DON'T MISS A NEW LISTING AGAIN!
FREE AUTOMATED EMAIL UPDATES
HECM (Home Equity Conversion Mortgage) or Reverse Mortgage is an option for home owners aged 62 or older. It allows you to convert the equity in your home into cash without selling your home.
A Reverse Mortgage is not right for every homeowner. With a reverse mortgage a lender takes some of the equity in your home and makes payments to you. The money is generally tax free and usually you don't have to pay back the money until you die, sell your home, or move out, at which point your spouse, your estate, or you, repay the loan.
The three types of reverse mortgages:
Single purpose reverse mortgages are offered by some state and local government agencies, and as non-profits provide loans that the funds are used only for the single purpose that the lender has specified
Proprietary reverse mortgages are private loans.
Federally-insured reverse mortgages are also known as Home Equity Conversion Mortgages (HECMs) and backed by HUD (US Department of Housing and Urban Development) can be used for any purpose. They may be more expensive than traditional loans with higher upfront costs and the amount you are able to borrow depends on many factors.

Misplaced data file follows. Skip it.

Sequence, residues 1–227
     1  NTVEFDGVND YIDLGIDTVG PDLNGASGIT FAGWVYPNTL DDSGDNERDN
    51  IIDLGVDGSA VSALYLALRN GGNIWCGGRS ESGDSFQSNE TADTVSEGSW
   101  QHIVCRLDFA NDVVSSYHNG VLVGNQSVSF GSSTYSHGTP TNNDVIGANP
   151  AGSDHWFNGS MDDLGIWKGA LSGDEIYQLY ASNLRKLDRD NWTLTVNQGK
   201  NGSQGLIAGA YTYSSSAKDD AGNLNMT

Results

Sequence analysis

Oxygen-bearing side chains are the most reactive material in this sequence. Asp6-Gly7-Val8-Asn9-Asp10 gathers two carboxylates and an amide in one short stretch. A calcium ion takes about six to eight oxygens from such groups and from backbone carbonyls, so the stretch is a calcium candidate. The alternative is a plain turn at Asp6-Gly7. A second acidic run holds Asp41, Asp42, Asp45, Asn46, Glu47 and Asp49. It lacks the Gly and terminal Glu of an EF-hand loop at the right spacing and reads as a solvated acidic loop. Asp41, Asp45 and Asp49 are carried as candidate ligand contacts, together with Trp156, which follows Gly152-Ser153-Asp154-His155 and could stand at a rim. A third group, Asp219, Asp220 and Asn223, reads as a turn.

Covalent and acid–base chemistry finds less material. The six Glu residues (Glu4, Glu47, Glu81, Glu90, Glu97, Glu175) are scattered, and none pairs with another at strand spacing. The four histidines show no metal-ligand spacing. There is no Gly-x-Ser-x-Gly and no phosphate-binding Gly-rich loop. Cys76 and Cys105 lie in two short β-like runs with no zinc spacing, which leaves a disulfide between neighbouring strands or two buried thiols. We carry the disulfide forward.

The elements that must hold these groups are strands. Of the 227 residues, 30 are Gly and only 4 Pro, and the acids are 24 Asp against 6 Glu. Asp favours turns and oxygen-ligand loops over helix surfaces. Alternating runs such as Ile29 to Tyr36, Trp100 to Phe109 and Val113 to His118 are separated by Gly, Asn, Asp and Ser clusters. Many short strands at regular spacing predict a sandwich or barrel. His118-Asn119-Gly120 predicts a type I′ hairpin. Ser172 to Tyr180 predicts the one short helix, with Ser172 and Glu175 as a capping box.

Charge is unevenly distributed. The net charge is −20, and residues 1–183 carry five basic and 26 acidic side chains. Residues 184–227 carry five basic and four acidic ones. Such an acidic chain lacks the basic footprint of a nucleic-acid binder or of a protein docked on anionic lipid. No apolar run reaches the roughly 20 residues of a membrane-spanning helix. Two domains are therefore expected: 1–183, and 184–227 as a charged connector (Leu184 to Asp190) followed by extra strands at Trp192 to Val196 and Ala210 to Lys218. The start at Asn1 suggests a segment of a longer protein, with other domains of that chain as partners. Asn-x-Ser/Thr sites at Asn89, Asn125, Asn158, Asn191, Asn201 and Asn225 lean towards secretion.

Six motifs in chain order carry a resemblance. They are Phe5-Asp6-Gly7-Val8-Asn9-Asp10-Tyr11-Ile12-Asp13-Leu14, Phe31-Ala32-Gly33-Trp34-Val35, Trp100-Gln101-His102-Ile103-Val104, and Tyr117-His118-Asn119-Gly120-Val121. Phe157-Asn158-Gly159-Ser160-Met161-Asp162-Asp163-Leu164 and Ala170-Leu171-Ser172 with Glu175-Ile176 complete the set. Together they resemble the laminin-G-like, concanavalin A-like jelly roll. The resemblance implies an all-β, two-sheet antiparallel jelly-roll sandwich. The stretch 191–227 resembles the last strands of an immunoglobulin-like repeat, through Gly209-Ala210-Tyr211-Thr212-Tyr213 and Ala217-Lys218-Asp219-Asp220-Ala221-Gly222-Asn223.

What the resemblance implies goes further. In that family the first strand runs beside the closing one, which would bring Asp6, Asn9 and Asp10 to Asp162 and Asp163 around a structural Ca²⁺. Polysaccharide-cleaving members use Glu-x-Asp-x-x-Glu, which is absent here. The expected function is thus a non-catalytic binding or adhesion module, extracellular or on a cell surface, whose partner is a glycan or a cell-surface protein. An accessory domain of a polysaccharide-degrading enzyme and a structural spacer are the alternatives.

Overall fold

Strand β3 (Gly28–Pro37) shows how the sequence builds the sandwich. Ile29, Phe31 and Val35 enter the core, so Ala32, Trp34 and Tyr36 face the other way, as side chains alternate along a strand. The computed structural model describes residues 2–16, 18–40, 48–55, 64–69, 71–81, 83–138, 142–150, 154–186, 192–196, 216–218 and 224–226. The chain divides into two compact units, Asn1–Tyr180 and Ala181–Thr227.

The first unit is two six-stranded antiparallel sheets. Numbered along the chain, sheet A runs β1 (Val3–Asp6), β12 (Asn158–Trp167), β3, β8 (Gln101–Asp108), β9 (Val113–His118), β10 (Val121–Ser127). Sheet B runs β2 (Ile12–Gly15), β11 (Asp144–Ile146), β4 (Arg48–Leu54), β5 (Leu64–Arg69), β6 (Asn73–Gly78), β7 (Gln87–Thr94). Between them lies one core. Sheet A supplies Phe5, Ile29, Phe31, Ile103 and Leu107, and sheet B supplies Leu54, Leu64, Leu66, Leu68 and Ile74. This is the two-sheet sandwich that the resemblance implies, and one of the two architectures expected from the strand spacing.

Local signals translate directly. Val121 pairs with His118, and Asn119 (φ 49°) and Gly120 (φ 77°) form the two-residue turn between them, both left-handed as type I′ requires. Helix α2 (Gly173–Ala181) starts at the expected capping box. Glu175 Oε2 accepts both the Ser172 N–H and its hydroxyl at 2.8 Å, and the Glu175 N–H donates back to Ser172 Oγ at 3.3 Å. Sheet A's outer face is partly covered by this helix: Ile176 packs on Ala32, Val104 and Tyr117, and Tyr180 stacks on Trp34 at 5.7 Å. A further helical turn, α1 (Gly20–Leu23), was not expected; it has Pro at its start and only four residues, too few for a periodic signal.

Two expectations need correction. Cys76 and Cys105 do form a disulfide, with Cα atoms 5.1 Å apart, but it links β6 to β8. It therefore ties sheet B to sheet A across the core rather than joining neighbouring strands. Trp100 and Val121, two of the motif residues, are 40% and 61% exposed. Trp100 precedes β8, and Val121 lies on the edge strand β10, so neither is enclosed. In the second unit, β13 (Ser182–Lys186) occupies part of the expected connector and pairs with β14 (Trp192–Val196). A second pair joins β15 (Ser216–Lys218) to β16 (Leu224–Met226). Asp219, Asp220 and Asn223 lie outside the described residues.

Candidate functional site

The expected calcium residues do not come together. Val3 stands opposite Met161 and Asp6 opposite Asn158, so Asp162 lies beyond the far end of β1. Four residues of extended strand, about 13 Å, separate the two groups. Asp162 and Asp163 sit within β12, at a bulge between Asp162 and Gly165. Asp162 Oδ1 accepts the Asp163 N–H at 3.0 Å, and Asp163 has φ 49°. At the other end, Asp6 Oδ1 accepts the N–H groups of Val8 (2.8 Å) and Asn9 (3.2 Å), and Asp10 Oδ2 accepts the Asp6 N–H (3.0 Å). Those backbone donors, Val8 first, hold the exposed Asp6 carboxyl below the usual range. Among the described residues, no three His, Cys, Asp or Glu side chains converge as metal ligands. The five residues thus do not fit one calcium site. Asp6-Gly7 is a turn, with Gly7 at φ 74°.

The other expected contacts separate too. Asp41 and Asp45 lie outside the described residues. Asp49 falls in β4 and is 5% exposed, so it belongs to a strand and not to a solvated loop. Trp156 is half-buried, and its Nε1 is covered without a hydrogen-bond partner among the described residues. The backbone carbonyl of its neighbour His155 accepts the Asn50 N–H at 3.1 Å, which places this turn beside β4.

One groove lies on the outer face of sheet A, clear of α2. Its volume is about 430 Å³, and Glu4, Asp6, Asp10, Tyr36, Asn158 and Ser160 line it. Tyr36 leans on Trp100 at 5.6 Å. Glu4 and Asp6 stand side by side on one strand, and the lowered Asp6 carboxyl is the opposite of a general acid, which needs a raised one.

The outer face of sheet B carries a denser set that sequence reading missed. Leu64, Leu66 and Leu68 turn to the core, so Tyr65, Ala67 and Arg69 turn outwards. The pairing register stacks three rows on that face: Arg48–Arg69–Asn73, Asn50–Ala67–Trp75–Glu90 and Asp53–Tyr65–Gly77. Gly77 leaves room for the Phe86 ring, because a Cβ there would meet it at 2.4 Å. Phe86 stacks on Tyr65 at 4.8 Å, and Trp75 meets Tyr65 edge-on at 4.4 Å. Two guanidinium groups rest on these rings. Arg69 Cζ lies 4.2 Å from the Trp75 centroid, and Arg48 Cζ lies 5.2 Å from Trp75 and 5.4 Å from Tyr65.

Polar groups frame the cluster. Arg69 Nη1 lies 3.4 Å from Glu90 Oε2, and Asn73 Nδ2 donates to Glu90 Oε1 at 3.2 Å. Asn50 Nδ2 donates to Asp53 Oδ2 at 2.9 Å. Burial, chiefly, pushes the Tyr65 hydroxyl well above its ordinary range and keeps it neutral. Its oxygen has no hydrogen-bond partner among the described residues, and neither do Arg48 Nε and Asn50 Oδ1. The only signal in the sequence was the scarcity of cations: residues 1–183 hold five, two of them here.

There are many things to consider before choosing a reverse mortgage such as: fees, the interest you owe when it is time to repay the loan, fluctuations in interest rate, the continued cost of the upkeep of the home, and diminishing the assets left to your heirs.
Reverse Mortgages: Are They For You? (USA.gov) Consumer Advisory is designed to help you better understand reverse mortgages. Reverse mortgages are complex loans and are secured by your home. It is important to understand the terms, risks, and costs before you sign a reverse mortgage contract.
Reverse Mortgages (USA.gov) Explains how reverse mortgages can help older homeowners who are "house-rich but cash-poor" remain in their homes and still meet their financial obligations.
The Pros and Cons of a Reverse Mortgage (NBC Today Show)